It was if we had stepped on a land mine.

Our spiritual, emotional, and physical well-being were all under attack, and the enemy’s fire was relentless. My children and I endured round after round without pause, without relief.

But all the while, no matter how pointless it sometimes felt, I clung to my faith, insisting to my children that God had not abandoned us. That we were not alone. That love would see us through.

Now, here we are, back on the same shores where one year ago I threw my hands into the air and cried to the heavens.

Only once again, we are laughing. We race waves below blue skies; chase crabs from moonlight; scoop water as we kayak; cast nets below waves; and revive our spirits in a way that only a week at the beach can do.

Do You Believe in Evil?

Our family has survived an attack from what some would refer to as Evil. When I was a child, I was taught that the enemy seeks to divide and destroy, and that is indeed how I felt.

Forces beyond my understanding seemed determined to conquer our family. To divide us and destroy us. But somehow, with a lot of prayer and a tight grasp on our faith, we have withstood the storms.

Love One Another

When my children ask someday, what does it mean to love another, I hope they remember this lesson.

Love is not always easy. Sometimes it seems impossible. But when you love someone, you don’t give up on them. Even when, especially when, they reveal their weakest hour.

God’s Grace

My faith has taught me that we are all flawed. We all sin. We all fall prey to temptations and make bad choices along the way, even the best of us. At some point, we hurt others, and sometimes, we hurt the ones we love most in this world.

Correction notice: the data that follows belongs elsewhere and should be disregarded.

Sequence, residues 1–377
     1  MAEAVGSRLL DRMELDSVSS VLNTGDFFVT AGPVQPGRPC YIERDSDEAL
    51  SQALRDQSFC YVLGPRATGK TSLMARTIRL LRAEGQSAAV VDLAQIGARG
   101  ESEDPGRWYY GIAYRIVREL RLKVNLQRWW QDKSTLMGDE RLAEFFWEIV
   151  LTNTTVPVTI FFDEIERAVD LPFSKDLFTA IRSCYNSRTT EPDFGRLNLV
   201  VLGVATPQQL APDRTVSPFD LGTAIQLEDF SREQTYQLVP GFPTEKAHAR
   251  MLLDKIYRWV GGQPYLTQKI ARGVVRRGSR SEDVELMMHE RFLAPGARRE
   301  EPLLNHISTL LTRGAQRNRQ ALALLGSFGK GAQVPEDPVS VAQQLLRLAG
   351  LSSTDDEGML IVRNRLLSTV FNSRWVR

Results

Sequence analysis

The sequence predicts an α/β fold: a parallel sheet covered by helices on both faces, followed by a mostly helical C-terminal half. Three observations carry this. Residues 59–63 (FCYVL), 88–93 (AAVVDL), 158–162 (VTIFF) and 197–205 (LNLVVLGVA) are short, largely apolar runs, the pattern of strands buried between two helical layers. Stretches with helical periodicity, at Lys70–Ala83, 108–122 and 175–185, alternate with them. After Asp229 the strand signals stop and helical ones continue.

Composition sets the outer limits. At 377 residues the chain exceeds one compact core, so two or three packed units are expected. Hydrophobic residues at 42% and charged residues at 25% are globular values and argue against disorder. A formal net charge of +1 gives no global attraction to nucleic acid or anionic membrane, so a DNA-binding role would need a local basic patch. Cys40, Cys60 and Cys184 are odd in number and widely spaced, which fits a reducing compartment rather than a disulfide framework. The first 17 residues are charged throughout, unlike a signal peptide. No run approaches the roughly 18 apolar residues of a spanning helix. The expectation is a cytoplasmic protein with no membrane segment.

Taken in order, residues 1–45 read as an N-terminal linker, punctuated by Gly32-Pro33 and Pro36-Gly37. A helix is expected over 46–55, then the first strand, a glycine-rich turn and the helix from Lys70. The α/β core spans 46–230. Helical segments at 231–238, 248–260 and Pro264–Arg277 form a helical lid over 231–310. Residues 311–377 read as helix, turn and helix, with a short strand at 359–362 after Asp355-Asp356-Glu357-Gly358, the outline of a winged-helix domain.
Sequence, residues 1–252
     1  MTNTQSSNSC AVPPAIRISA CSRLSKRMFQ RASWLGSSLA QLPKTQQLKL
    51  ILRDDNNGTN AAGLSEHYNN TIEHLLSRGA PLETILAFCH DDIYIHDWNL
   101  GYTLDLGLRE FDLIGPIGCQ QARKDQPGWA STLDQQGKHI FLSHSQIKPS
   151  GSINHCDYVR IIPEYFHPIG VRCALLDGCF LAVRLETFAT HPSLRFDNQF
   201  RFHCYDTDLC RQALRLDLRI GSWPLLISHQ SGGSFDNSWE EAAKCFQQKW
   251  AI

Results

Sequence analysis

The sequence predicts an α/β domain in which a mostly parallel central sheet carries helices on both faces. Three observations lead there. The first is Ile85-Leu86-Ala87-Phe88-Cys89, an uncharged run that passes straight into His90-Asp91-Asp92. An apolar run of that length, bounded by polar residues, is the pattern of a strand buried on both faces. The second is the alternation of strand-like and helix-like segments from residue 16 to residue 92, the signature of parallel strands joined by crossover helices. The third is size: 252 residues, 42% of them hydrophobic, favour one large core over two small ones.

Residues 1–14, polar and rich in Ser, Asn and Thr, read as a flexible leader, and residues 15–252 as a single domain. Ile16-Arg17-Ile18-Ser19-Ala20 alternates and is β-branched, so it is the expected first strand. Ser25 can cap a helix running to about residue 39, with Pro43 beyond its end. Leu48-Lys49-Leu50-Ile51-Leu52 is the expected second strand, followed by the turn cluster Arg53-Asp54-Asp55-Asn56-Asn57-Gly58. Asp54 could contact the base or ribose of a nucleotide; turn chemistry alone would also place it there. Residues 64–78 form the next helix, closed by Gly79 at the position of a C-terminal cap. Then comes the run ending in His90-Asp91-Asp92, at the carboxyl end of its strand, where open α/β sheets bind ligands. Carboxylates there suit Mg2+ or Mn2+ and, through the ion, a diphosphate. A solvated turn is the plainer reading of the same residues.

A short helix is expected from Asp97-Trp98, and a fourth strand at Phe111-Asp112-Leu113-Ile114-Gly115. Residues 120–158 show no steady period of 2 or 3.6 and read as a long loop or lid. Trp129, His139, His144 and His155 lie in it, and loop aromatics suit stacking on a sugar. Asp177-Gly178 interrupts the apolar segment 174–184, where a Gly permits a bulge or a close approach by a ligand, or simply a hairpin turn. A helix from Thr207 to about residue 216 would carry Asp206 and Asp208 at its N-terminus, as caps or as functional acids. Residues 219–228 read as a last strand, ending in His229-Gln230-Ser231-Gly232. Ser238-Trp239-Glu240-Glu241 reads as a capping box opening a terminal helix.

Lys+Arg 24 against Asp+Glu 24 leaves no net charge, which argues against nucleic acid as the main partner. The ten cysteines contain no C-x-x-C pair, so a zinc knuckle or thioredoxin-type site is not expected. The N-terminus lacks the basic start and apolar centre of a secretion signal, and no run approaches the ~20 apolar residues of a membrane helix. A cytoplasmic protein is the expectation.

If we’re lucky, and if we are brave and honest enough to admit our mistakes, seek repentance, and work hard toward healing, our loved ones will stand by us and carry us through the darkest depths.

Today, our family is enjoying days in the sun again. But it wasn’t long ago we felt as if we were deep underwater, with strong currents pulling us down beyond hope.

There were moments I was certain we would all drown. But here we are, healthy of mind, body, and spirit once again.

So, now I ask, “Have you entered into the springs of the sea or walked in the recesses of the deep?” (Job 38:16)

Are you suffering? Have addiction, abuse, abandonment, betrayal, poverty, or violence shaken your spirit? Threatened all that matters to you in this world?

If so, hold tight to your faith and remember you are never alone. Protect yourself and your children from harm, and never doubt your own strength. Your own worth.

I promise, you can…you will…get through to the other side. And there, you will feel the wonder of God’s grace, as you master the ability to both love and to be loved – the one true purpose of this life.